Six shorthanded situations against Vancouver, five against Philadelphia, six against Florida.  If practice makes perfect (or almost so this week), the Caps sure got that.  They spent 29:20 killing penalties, allowing those 34 shots in the process.  That they got out of the week with just one goal allowed should be viewed with equal parts pride in skill and a deep breath for the good luck enjoyed.

Even Strength Goals For/Against: 9-4 (season: 26-31; 5-on-5 GF/GA ratio: 0.93 / rank: 18th)

This statistic, while welcome, is entirely a product of the smackdown the Caps applied to the Flyers in Philadelphia.  Washington put up five even strength goals against the Flyers and otherwise broke even for the week, losing the ES battle to Vancouver, 3-2, and winning it against the Panthers, 2-1.

Still, it is improvement, and the Caps lifted their 5-on-5 goals scored to goals allowed ratio from 0.73 before the Vancouver game to 0.93 when the curtain came down on the week.  It is as close as they have been to 1.00 as they have been all season so far.  

Faceoffs: 86-182 / 47.3 percent (season: 49.2 percent / rank: 19th)

That the Caps lost the week was the product of having their lunch taken away in the circle in Vancouver on Monday.  Winning only 17 of 51 draws (33.3 percent) made finishing the week a tough chore.  They almost did, winning 34 of 65 draws against Philadelphia (52.3 percent) and 35 of 66 against Florida (53.0 percent). 

The Caps were run over in their own end, winning just 21 of 57 draws for the week and doing poorly against both Vancouver (5-for-17/29.4 percent) and Philadelphia (7-for-22/31.8 percent).  In the defensive end they were much better, winning 39 of 71 for the week (54.9 percent), a product of their effort against Philadelphia (16-for-23/69.6 percent) and Florida (16-for-30/53.3 percent).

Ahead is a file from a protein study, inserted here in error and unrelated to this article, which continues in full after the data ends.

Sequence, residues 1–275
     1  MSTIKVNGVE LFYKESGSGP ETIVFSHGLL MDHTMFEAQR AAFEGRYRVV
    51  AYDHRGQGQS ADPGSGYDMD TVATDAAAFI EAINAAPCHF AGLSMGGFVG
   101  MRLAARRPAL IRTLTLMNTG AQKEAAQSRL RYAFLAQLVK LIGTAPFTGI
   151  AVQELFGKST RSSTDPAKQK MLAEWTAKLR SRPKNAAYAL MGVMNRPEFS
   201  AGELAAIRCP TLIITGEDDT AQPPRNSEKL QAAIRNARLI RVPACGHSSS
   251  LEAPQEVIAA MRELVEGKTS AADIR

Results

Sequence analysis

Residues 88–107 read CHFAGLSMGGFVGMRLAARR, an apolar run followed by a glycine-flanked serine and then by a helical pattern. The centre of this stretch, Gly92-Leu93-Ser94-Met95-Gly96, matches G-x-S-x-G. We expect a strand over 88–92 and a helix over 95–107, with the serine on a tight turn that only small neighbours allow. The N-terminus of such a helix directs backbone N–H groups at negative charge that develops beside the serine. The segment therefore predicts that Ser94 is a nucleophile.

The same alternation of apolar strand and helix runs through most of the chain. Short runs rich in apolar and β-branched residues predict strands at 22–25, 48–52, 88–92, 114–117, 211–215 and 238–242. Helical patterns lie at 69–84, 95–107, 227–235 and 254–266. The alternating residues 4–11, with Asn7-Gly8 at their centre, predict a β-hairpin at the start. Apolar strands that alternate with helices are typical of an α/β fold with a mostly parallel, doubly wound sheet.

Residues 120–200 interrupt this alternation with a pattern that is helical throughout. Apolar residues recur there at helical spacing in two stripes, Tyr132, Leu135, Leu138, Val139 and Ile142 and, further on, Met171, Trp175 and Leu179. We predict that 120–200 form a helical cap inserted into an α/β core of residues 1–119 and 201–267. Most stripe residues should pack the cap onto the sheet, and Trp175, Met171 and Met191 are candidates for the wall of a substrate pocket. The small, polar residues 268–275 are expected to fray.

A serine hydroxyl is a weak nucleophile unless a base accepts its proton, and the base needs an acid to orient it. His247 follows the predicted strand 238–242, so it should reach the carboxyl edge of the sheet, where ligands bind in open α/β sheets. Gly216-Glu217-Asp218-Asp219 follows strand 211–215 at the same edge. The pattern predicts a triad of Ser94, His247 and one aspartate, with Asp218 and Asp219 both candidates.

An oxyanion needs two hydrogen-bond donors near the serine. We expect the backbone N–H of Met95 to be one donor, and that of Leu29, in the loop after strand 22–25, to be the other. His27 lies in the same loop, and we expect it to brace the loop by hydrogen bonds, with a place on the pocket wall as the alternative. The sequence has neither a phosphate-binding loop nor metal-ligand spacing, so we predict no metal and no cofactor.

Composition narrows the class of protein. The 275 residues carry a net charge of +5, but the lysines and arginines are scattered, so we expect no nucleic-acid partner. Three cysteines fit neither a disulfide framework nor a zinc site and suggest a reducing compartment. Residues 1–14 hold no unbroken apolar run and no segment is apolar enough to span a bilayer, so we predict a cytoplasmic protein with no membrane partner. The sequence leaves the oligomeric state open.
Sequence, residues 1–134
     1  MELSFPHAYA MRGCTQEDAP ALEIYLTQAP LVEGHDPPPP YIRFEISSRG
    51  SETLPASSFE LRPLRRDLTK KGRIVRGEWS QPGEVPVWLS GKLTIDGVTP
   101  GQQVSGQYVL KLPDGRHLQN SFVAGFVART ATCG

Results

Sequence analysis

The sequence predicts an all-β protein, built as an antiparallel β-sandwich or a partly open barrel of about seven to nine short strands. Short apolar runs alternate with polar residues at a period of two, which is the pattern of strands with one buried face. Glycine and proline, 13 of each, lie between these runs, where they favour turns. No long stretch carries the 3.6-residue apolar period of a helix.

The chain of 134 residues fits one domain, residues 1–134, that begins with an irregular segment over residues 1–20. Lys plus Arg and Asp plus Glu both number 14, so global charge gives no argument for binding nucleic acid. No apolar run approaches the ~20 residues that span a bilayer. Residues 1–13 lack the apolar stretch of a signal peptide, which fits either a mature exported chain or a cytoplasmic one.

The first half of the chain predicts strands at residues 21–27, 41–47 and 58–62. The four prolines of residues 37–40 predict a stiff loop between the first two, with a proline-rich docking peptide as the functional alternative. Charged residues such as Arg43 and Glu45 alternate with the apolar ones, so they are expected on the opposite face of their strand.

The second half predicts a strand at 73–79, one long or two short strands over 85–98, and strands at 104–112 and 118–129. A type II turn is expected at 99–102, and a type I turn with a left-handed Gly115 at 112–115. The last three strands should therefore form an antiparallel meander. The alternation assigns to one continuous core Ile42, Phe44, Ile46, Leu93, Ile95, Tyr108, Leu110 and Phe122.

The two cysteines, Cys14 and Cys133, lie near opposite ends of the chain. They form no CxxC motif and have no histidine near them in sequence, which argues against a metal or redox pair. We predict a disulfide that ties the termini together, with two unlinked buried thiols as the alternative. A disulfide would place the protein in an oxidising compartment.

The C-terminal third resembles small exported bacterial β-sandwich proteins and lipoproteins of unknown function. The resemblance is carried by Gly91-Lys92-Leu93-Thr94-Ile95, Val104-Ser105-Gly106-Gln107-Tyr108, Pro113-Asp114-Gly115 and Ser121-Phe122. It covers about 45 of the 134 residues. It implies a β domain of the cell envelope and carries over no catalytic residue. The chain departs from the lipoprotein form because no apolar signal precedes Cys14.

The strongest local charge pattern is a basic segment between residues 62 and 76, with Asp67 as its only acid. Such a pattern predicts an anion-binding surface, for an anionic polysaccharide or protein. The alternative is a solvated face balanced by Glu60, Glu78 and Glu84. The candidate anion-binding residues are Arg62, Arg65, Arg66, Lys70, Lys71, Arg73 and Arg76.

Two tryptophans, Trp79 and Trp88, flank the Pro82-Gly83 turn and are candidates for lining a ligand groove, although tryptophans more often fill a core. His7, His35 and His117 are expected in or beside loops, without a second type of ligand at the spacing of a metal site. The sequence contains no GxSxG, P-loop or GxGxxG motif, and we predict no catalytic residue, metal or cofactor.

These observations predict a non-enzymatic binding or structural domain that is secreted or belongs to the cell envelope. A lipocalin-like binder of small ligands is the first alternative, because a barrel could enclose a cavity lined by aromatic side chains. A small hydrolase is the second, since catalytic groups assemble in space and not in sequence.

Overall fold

The guys on the scoring lines taking most of the offensive zone draws did not have a very good week.  Nicklas Backstrom, Brooks Laich (against Vancouver), and Marcus Johansson (against Philadelphia and Florida) were 8-for-25 (32.0 percent) for the week. 

Goals For/Against by Period:

The problem for the week, if there was one, is right there hiding in plain sight.  Twice the Caps had leads in the third period of games, and twice they lost them.  It cost them two points in one game, and it cost them a regulation win in the other. 

Although the Caps outscored opponents by a 3-1 margin in the first period of games this week, it remains that there are only five teams that have scored fewer first period goals than the Caps.  They do seem to make up for it with their second period performance, both this week (a 6-1 advantage) and overall (21-12), but it still would be nice to get out to better starts.

In the end…

The saying goes that it is not “how,” it is “how many”…wins that is.  But how a team arrives at those wins is something to think about as the team goes forward.  Did the formula they used to win those games suggest a template to duplicate going forward?